What is it? An amazing department store in Paris? Wrong. French-Algerian choreographer Heddy Maalem's interpretation of famed composer Stravinsky's Le Sacre du Printemps (The Rite of Spring). Kind of like a tribal version of the groundbreaking composition.
Why see it? Stravinsky got the idea from a dream about paganism. It's all about historical rites, consecration, sacrifice. What makes Maalem's version of The Rite of Spring even more exciting is that the troupe is made up of dancers from Mali, Nigeria, Benin, Togo, Mozambique, and Senegal. The choreographer's inspiration came from time spent in Lagos, Nigeria. This is Maalem's final installment dealing with the question of identity and perception of the African body. A compelling question, especially in Charleston.
Who should go? Stravinsky aficionados and fans of cross-cultural creativity.
SPOLETO FESTIVAL USA • $10-$50 • 1 hour • June 7 at 8 p.m.; June 8 at 2 p.m. • Gaillard Municipal Auditorium, 77 Calhoun St. • (843) 579-3100
Culture Clash: Heddy Maalem revamps Stravinsky's classic Rite of Spring
The performers in Heddy Maalem's Le Sacre du Printemps hail from the West Coast of Africa — Mali, Benin, Nigeria, Senegal, and Algeria. The Lowcountry, specifically Sullivan's Island, was the South's Ellis Island, a gateway for imported slaves from West Africa. The intertwined history of Africa and the American South is not lost on the dancers.
"We have performed in so many countries that have links with African slavery," Maalem says. "One day, a lady came up to me after the performance and told me, 'You know, Mr. Maalem, I have not seen the color!' I think it was the best feedback I have ever gotten about my work. With this very naïve phrase, this person told the truth. We are human beings."
He adds, "There are strong differences between the different countries composing West Africa," he says. "I think it helps our work. The consciousness to be part of the African continent, to be the ambassadors of the African community, was not there immediately. It came little by little."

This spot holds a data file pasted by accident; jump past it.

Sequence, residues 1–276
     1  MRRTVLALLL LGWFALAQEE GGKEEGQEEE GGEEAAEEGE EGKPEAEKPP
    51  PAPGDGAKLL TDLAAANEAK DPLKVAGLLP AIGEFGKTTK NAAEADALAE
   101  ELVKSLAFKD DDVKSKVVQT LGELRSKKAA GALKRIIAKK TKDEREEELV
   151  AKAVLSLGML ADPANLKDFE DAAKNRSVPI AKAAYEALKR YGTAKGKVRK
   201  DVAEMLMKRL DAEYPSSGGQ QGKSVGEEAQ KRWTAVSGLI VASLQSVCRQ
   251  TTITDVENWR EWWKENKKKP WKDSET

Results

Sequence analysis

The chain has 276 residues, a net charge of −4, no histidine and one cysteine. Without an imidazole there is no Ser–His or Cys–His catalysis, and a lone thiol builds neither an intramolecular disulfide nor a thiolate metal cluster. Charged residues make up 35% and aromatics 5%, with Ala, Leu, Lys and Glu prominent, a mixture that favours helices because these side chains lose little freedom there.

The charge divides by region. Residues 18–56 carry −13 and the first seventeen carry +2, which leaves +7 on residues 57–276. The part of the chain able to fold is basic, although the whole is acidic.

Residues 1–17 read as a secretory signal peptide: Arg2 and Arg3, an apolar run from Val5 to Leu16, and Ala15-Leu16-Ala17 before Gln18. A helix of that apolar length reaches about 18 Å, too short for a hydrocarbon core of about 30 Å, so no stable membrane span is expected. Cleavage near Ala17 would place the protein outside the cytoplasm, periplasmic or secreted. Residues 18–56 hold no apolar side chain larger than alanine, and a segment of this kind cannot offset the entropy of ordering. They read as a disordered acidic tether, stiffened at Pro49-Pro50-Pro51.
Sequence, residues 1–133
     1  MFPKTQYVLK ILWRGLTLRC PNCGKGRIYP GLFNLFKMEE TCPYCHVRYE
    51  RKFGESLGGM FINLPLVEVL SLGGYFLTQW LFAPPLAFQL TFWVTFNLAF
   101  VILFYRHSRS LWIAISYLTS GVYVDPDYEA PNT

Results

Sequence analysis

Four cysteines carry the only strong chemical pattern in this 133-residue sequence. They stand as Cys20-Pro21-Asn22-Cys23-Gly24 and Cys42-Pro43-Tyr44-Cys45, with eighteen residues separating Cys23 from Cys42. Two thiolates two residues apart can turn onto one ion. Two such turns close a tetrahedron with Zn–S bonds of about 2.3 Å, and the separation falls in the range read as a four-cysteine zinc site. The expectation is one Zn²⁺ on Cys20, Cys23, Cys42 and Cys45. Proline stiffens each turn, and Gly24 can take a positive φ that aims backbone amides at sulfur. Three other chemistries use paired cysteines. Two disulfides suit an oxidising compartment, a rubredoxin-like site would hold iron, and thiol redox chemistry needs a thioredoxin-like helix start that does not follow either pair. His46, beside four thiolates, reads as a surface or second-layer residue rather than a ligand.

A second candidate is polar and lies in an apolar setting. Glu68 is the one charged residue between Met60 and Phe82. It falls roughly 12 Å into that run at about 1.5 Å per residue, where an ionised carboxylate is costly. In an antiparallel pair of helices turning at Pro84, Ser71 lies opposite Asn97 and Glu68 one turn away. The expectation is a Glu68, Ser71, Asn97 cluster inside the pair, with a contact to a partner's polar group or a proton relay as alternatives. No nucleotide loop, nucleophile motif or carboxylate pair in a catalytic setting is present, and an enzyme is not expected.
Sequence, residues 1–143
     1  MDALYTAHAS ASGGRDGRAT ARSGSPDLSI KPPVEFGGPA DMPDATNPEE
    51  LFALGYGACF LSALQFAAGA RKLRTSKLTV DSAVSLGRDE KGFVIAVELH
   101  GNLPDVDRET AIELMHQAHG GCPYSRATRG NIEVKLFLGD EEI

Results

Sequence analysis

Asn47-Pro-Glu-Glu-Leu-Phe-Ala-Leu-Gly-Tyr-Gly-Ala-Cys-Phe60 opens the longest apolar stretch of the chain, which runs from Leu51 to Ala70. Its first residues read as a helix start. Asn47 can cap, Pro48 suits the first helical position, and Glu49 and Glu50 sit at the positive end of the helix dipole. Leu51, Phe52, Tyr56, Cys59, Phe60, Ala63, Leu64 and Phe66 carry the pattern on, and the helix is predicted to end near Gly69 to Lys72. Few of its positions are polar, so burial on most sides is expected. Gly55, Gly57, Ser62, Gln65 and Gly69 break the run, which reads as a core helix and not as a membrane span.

And this communion of souls is partly why he chose Stravinksy's Rite of Spring for his Spoleto performance. Extremely perceptive of the conflicting forces in modern-day African cities, Maalem felt a common bond with Rite of Spring.
"I felt a strange relationship in Lagos, Nigeria, between the sounds of this big city, the mix of modernity and archaism, and Stravinsky's Rite of Spring."
The combination of the Russian work and traditional African dance might seem like a jarring juxtaposition to some, but Maalem melds the two into what's been hailed as a work of "primal power."
The primal effect may stem from Maalem's martial arts background.
"At the beginning, I was very far from dance," he says. "I was boxing and teaching aikido."
Maalem's discovery of dance worked to enhance his movement.
"It was a surprise, the discovery of contemporary dance," he says. "The possibility to create this way of moving, my own language! I liked the writing. I like the energy of the human body."
Using a mix of intense dance sequences followed by soft moments, Maalem pushes his dancers' bodies to explore the score and to see the symbiotic relationship of cultures and how art can bring them together to place that is less political and more spiritual. —Kinsey Labberton